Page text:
The programme is called ‘Essex Unite’ and is a commitment between the partners to offer bespoke training, delivered flexibly at the right pace for 18 disabled individuals. It is an 8 week programme which will include a pre-placement week offering a number of training courses such as, how to deliver good customer service, how to develop leadership skills and how to manage health and stress levels. It also includes 6 weeks of valuable work experience, with participants being matched with appropriate employers in order to gain the right level of experience to support them back into work.
Following the work placement, individuals will participate in a post programme transition week which will include CV and job interview workshops. For three months after the programme, ecdp will continue to support Essex Unite participants to ensure that they build on their experience and capitalize on employment opportunities.
What is unique about Essex Unite is that it is a peer to peer led programme, with disabled individuals supporting other disabled individuals to achieve their aspirations and life goals.
The success of ‘Essex Unite’ depends on developing new partnership opportunities with organisations which share our ambitions to nurture talent and provide an equal chance for all. ecdp has already secured a number of work placement commitments from a variety of private, public and third sector stakeholders but there is more work to do to ensure the programme has a lasting legacy. With ‘Essex Unite’ the goal is to develop a new model of co-operation between the public and private sector to tackle social problems at a local level. Building on the well-established principles of corporate social responsibility, ecdp believe this innovative and creative training programme will not only enhance the private and public sectors understanding of disability but ultimately lead to higher retention rates, greater productivity and better community relations.
Essex Unite milestones:
- Breakfast Launch Event on 31st July, Cllr. Anne Brown of Essex County Council to speak
- Participant open day – end of August (exact date tbd).
- Work Experience Programme Start – Beginning of September
The week before last, the Government made an announcement that disability employment support services will be focused on individuals rather than institutions. This was in response to the Sayce Review and how the £320m protected budget for disability employment could be used more effectively to support thousands more disabled people into work.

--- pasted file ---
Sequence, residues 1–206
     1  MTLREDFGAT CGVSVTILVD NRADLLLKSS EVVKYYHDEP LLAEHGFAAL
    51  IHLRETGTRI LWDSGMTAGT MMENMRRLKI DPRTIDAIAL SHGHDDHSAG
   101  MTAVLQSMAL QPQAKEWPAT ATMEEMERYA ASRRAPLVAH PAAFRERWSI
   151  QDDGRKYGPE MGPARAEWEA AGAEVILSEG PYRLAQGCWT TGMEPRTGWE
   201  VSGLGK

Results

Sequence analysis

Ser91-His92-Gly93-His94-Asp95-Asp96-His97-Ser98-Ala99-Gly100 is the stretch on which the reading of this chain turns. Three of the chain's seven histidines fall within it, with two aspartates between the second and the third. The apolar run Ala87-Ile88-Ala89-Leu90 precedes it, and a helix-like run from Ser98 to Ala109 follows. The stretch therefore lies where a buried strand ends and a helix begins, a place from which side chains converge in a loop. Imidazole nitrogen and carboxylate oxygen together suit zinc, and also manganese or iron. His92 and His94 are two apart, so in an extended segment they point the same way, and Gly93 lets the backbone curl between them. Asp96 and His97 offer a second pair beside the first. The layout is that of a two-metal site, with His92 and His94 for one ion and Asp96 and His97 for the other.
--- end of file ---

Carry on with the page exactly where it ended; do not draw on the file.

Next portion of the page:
As part of the announcement, the Government guaranteed an £8m package of tailored support for up to 18 months to support all disabled Remploy staff affected by the changes.
As some of you might know, my work focuses on what Disabled People’s User- Led Organisations can and already do contribute to public service reform and society more generally. This includes looking at ways of (a) how to ensure there are more DPULOs, and (b) how to ensure they are sustainable.
After the disability employment support announcement last week, some people on Twitter and in other places highlighted that there could be a role for disabled people’s user-led organisations and voluntary and community sector (VCS) organisations to play in providing support or opportunities in the changes taking place.
Disabled Remploy workers should be supported to set up user-led social enterprises.
Similarly, Mark Brown (of One in Four magazine) asked:
How about each threatened #remploy factory looking at becoming #dpulo (disabled people’s user led org) or #socent? Do you think it might work?
(A question that was reported in Society Guardian Daily, no less!)
Such suggestions very much informed and tallied with thinking on how best the support package could be distributed or used.
What I’m very pleased to say, therefore, is that the Minister for Disabled People, Maria Miller MP, highlighted that part of the £8m support package announced – some £1.5m of it, in fact – will be made available to DPULOs and VCS organisations through a dedicated Community Support Fund. (This was mentioned in the oral statement and the Commons debate – columns 952 and 965 here.)
This Community Support Fund will provide grants to local DPULOs and VCS organisations to support Remploy employees in making the transition from sheltered employment to mainstream employment. The CSF would be focused particularly in the geographic areas in which Remploy employees will live, and so will include working in Wales and Scotland as well as England.